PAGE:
Instead, Trump ultimately chose ExxonMobil CEO Rex Tillerson for the top State Department job. Tillerson is a controversial pick because of his close relationships with a number of the world’s more eyebrow-raising leaders, such as Russian President Vladimir Putin.
Known as a globetrotter and a dealmaker, Tillerson has visited more than 100 nations and has personally dealt with hundreds of government officials over the course of his business career. He’s acquired the rights to drill for oil in dozens of nations and has often played U.S. business ambassador in cases where the situation called for it.
Tillerson was the president of the Boy Scouts of America from 2010 to 2012 and today sits on the board of that organization.
Tillerson’s background is in engineering, which he received his bachelor’s degree in from the University of Texas at Austin. Tillerson started at Exxon as a production engineer in 1975. He became the manager of the company’s production division in 1989 and began working in the Middle East in Yemen and elsewhere. That was the beginning of many international postings and negotiations.
Tillerson has in the past taken a hardline stance against the Rockefeller family, whose patriarch John D. Rockefeller founded Standard Oil (also known as Esso), the predecessor company of Exxon. The Rockefellers wanted the company to focus more on alternative energy sources, whereas Tillerson wanted to keep it involved with oil and natural gas. Tillerson was responsible for Exxon acquiring XTO Energy, a natural gas producer, in 2009.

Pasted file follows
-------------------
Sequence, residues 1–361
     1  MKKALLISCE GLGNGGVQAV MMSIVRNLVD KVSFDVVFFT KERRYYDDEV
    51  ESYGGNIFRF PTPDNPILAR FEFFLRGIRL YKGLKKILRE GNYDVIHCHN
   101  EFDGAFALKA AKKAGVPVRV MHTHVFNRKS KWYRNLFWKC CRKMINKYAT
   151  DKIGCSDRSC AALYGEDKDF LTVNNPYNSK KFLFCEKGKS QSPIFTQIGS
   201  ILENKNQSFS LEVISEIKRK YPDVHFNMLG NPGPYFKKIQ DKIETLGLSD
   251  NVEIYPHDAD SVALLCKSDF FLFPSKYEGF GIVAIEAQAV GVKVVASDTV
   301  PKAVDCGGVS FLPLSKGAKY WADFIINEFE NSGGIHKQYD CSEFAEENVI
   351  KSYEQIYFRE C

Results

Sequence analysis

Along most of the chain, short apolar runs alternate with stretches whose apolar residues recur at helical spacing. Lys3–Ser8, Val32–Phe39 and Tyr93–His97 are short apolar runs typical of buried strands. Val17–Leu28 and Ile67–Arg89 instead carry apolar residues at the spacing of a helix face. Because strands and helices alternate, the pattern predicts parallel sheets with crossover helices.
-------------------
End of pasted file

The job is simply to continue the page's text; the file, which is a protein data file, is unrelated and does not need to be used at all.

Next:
But Tillerson’s status as a multimillionaire and possible close ties to globalists in political circles worry some Trump voters. Tillerson is a board member of the Center for Strategic and International Studies (CSIS), which, like the Trilateral Commission, is governed by former National Security Advisor Zbigniew Brzezinski and other elite people of his ilk.
Tillerson is extremely close to Russian leader Putin. In fact, some people say that Putin has spent more time with Tillerson than any other individual American, with the possible exception of former National Security Advisor Henry Kissinger.